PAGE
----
Los Olvidados Review

Image for Los Olvidados

Escaped from a reformatory, El Jaibo returns to the Mexico City slums, where his taunting of blind beggar Don Carmelo earns him the fearful respect of street kid Pedro - until he seduces his mother, Marta, and Pedro betrays Jaibo to the cops for killing r


Having spent 15 years in the cinematic wilderness, Luis Buñuel was afforded the opportunity to resume his directorial career by Mexican producer, Oscar Dancigers. Having released the ultra-cheap entertainments, Gran Casino and El Gran Calavera, Buñuel was considering adaptations of Maria Perez Galdos's Doña Perfecta and Nazarin when he agreed to make Los Olvidados (reportedly in response to Dancigers's request for a commercial children's film).

Basing the screenplay on reform school case studies and his own observations during a lengthy sojourn in the Mexico City shanties, Buñuel shot the films in 18 days for a mere 450,000 pesos. Taking neo-realism into unchartered surrealist territory, its study of lust, greed, vengeance and despair owed little to such romanticised visions of poverty as Vittorio De Sica's Shoeshine (1946). Indeed, Buñuel consciously corrupted the neo-realist ideal by casting experienced performers like Miguel Inclán, Estela Inda and Roberto Cobo in principal roles and was only dissuaded by Dancigers from inserting such provocatively anachronistic details as a 100-piece orchestra playing in the background while Jaibo killed Pedro.  

The Mexican critics were appalled by the feature's unflinching depiction of what amounted to a medieval peasant enclave in the midst of their supposedly cosmopolitan city and denounced Buñuel for failing to alleviate the misery with some optimistic fantasy (as opposed to the unnerving slo-mo nightmare, in which Pedro endures the cruelty of both Marta and Jaibo). Dancigers was so intimidated by such negativity that he withdrew the picture after two days and it was only Buñuel's Best Director win at Cannes the following year that secured its reputation and rescued him from the obscurity into which he had lapsed since the release of the equally uncompromising documentary, Las Hurdes.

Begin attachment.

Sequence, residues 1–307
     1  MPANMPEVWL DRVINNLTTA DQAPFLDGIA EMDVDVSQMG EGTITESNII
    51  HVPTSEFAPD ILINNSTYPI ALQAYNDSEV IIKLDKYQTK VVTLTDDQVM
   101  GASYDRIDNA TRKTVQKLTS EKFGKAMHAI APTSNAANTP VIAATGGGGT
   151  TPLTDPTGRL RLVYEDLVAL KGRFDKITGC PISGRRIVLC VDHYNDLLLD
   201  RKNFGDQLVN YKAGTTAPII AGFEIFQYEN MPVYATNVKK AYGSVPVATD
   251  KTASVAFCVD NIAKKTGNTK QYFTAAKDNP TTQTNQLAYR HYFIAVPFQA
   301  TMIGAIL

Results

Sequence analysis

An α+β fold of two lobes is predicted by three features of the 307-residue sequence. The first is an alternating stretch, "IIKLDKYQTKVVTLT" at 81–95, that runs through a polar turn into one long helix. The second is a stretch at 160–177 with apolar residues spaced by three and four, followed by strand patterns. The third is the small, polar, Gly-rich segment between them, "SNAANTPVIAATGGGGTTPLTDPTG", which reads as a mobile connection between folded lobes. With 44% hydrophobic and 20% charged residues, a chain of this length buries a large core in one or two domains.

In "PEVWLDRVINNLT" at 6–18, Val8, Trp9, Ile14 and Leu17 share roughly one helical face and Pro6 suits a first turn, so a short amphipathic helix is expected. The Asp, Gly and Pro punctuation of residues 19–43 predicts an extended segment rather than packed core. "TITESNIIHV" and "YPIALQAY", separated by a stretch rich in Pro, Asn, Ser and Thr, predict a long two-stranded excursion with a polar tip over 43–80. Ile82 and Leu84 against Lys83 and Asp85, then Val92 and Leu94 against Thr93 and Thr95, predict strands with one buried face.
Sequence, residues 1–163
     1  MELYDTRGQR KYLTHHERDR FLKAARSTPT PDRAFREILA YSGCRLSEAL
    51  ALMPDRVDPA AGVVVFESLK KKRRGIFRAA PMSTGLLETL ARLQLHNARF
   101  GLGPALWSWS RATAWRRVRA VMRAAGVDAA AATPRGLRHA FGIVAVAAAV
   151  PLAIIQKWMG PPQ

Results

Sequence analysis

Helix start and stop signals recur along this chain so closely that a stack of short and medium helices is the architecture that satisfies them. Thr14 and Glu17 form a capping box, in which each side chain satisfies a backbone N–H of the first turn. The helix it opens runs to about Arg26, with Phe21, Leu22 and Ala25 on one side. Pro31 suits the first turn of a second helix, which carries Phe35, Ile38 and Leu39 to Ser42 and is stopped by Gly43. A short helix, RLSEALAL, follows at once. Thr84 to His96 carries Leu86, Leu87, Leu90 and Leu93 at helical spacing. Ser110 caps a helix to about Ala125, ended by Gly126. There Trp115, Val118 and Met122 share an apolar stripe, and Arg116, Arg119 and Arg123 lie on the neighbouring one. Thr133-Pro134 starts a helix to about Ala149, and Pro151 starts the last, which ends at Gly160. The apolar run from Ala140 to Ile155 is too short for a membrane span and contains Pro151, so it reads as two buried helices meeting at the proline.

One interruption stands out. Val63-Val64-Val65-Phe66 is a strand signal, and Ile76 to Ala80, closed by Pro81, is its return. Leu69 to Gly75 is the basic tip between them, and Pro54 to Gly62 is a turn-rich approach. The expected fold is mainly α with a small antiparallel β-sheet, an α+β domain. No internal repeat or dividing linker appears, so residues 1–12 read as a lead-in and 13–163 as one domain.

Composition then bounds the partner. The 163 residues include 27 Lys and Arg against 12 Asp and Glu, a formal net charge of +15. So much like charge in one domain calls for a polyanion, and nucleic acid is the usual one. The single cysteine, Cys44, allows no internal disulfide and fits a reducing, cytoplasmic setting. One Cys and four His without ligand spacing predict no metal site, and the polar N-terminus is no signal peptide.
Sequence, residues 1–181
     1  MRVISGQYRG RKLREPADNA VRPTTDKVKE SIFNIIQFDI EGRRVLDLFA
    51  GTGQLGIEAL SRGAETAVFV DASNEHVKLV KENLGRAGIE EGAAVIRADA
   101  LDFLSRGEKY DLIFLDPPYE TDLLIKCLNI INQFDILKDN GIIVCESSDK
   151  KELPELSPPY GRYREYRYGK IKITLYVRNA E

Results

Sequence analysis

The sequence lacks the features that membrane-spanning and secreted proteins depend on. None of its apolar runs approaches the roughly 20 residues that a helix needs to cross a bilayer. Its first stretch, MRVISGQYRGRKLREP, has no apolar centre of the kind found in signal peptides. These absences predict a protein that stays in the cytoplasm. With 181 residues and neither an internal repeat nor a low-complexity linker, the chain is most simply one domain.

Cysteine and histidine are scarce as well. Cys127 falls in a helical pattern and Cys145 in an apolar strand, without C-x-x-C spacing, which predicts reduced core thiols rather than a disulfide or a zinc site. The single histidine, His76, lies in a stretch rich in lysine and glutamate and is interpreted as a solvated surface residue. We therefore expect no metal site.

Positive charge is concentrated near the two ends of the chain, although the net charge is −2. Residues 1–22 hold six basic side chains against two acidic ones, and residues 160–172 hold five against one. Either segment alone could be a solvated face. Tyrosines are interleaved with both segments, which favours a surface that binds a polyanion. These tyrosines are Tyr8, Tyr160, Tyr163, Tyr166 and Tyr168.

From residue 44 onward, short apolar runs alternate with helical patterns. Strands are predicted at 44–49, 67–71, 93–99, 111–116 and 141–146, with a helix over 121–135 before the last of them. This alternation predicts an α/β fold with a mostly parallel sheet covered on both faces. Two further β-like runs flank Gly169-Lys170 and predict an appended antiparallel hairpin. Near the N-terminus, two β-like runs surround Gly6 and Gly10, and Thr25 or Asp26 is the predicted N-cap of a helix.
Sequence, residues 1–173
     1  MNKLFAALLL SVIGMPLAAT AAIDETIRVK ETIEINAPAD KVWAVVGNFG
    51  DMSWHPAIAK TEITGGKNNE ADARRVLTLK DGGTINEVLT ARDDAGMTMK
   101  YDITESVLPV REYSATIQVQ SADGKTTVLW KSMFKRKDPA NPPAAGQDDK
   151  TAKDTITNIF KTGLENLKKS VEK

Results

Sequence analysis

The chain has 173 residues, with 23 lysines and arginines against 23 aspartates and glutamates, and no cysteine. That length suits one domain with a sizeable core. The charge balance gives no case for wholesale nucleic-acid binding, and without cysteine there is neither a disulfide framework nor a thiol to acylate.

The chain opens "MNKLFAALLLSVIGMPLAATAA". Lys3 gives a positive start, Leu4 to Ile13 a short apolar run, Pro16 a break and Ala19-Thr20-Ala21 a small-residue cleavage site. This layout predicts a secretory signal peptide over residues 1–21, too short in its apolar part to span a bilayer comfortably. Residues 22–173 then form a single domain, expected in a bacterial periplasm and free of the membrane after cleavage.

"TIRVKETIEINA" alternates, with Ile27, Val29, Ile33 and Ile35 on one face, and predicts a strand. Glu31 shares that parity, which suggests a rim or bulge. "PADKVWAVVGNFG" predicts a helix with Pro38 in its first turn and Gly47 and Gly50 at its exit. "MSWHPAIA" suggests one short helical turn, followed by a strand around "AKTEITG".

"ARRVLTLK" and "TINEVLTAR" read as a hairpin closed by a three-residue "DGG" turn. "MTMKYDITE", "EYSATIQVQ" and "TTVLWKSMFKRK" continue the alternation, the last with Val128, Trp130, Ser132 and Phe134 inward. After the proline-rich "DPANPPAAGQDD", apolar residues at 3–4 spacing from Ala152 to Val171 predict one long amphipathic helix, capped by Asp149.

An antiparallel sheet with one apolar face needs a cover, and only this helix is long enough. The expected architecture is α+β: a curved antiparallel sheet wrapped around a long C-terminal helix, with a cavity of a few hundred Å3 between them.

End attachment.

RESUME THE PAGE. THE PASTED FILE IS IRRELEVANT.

Although Gabriel Figueroa's meticulous imagery occasionally works against the lacerating content, this remains a potent exposé of the depravity into which humanity is lured when it loses hope. Refusing to judge and offering no easy solutions, Buñuel implied that the only way to conquer such base criminality was to start at the top. Consequently, this shattering indictment of social indifference is more relevant than ever.

Bunuel's superb and uncompromising portrait of the the debasement of humanity in certain situations retains all of its original power.